G Protein-Gated Inwardly Rectifying Potassium Channel Subunit 3 Knock-Out Mice Show Enhanced Ethanol Reward

Megan E. Tipps, Jonathan D. Raybuck, Laura B. Kozell, Kennon (Matt) Lattal, Kari Buck

Research output: Contribution to journalArticle

9 Citations (Scopus)

Abstract

Background: G protein-gated inwardly rectifying potassium (GIRK) channels contribute to the effects of a number of drugs of abuse, including ethanol. However, the roles of individual subunits in the rewarding effects of ethanol are poorly understood. Methods: We compare conditioned place preference (CPP) in GIRK3 subunit knock-out (GIRK3-/-), heterozygote (GIRK3+/-), and wild-type (WT) mice. In addition, the development of locomotor tolerance/sensitization and the effects of EtOH intoxication on associative learning (fear conditioning) are also assessed. Results: Our data show significant EtOH CPP in GIRK3-/- and GIRK3+/- mice, but not in the WT littermates. In addition, we demonstrate that these effects are not due to differences in EtOH metabolism, the development of EtOH tolerance/sensitivity, or associative learning abilities. While there were no consistent genotype differences in the fear conditioning assay, our data do show a selective sensitization of the impairing effects of EtOH intoxication on contextual learning, but no effect on cued learning. Conclusions: These findings suggest that GIRK3 plays a role in EtOH reward. Furthermore, the selectivity of this effect suggests that GIRK channels could be an effective therapeutic target for the prevention and/or treatment of alcoholism.

Original languageEnglish (US)
JournalAlcoholism: Clinical and Experimental Research
DOIs
StateAccepted/In press - 2016

Fingerprint

Inwardly Rectifying Potassium Channel
Reward
GTP-Binding Proteins
Knockout Mice
G Protein-Coupled Inwardly-Rectifying Potassium Channels
Ethanol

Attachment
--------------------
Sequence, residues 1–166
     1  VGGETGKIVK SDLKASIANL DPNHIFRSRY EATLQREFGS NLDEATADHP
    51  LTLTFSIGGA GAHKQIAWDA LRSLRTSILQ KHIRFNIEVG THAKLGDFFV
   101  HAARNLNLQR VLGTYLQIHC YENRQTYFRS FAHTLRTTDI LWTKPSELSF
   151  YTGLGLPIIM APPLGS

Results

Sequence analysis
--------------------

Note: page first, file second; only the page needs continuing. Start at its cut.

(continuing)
Learning
Street Drugs
Metabolism
Fear
Assays
Aptitude
Heterozygote
Alcoholism
Genotype
Conditioning (Psychology)

Keywords

  • Conditioned Place Preference
  • Ethanol
  • Fear Conditioning
  • GIRK Channels
  • Reward

ASJC Scopus subject areas

  • Medicine (miscellaneous)
  • Psychiatry and Mental health
  • Toxicology

Cite this

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title = "G Protein-Gated Inwardly Rectifying Potassium Channel Subunit 3 Knock-Out Mice Show Enhanced Ethanol Reward",
abstract = "Background: G protein-gated inwardly rectifying potassium (GIRK) channels contribute to the effects of a number of drugs of abuse, including ethanol. However, the roles of individual subunits in the rewarding effects of ethanol are poorly understood. Methods: We compare conditioned place preference (CPP) in GIRK3 subunit knock-out (GIRK3-/-), heterozygote (GIRK3+/-), and wild-type (WT) mice. In addition, the development of locomotor tolerance/sensitization and the effects of EtOH intoxication on associative learning (fear conditioning) are also assessed. Results: Our data show significant EtOH CPP in GIRK3-/- and GIRK3+/- mice, but not in the WT littermates. In addition, we demonstrate that these effects are not due to differences in EtOH metabolism, the development of EtOH tolerance/sensitivity, or associative learning abilities. While there were no consistent genotype differences in the fear conditioning assay, our data do show a selective sensitization of the impairing effects of EtOH intoxication on contextual learning, but no effect on cued learning. Conclusions: These findings suggest that GIRK3 plays a role in EtOH reward. Furthermore, the selectivity of this effect suggests that GIRK channels could be an effective therapeutic target for the prevention and/or treatment of alcoholism.",